The Washington Post | Wonkblog
Twelve facts about guns and mass shootings in the United States
Ezra Klein, Six facts about guns, violence, and gun control, July 23, 2012
Interesting to compare Ezra's latest article with his last, at the time of the Aurora, AZ attack.
Gary Kleck, Guns and Violence: A Summary of the Field, School of Criminology and Criminal Justice, Florida State University, address delivered to the 1991 Annual Meeting of the American Political Science Association based on his book of the same title.
Data is dated but the analysis is still relevant.
Harvard University Press Blog, Gun Control, Mental Illness, and the Arizona Shootings
In a Salon piece titled “Why Psychiatrists Can't Predict Mass Murderers,” McNally addresses the reasonable urge to make sense of the senseless and to learn from this incident. While many in the media have been recounting Loughner’s troubled past and wondering why authorities seemingly failed, time and again, to take action in ways that could have prevented this tragedy from occurring, McNally explains the difficulty of such intervention:
Let's assume that we've identified a set of characteristics often exhibited by mass murderers. What does that buy us? It enables us to answer the question, “Given that someone is a mass murderer, what characteristics is he likely to exhibit?” That's an interesting question, but it's not the one we want to answer. Rather, the question we really want to answer is, “Given that someone exhibits this profile of characteristics, how likely is he to commit mass murder?” Answering this question is extremely difficult because the predictors are invariably far more common than the event we hope to predict, and mass murder is very rare. Although mass murderers often do exhibit bizarre behavior, most people who exhibit bizarre behavior do not commit mass murder.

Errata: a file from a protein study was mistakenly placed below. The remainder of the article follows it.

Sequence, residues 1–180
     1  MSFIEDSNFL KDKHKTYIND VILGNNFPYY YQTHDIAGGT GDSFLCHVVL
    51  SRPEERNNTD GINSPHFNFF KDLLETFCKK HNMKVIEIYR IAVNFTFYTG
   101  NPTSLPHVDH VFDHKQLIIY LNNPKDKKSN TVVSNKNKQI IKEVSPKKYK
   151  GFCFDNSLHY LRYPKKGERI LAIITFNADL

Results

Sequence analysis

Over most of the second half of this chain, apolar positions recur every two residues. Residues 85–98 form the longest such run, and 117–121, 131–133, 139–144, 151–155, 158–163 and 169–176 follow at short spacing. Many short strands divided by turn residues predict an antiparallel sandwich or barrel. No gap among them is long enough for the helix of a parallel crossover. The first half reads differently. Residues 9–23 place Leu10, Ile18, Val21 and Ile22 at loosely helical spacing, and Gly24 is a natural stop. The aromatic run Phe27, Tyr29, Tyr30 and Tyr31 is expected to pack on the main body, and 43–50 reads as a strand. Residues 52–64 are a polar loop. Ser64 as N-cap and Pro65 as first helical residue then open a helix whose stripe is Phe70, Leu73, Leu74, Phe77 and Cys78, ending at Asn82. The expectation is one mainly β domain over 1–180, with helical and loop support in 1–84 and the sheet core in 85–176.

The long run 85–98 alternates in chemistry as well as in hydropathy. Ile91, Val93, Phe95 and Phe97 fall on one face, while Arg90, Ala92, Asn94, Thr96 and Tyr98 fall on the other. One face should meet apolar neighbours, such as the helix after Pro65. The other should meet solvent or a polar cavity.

Despite the difficulties presented, McNally accepts for science the need to learn from incidents like the Arizona shooting. “The consequences of missing a future mass murderer in our midst are appalling, and the enormity of such a mistake fuels the hope that someday science will overcome the daunting challenge of distinguishing the truly dangerous from the merely odd.”Balkanization
A Thought Experiment
Gerard N. Magliocca | Samuel R. Rosen Professor at the Indiana University Robert H. McKinney School of Law
Take the test.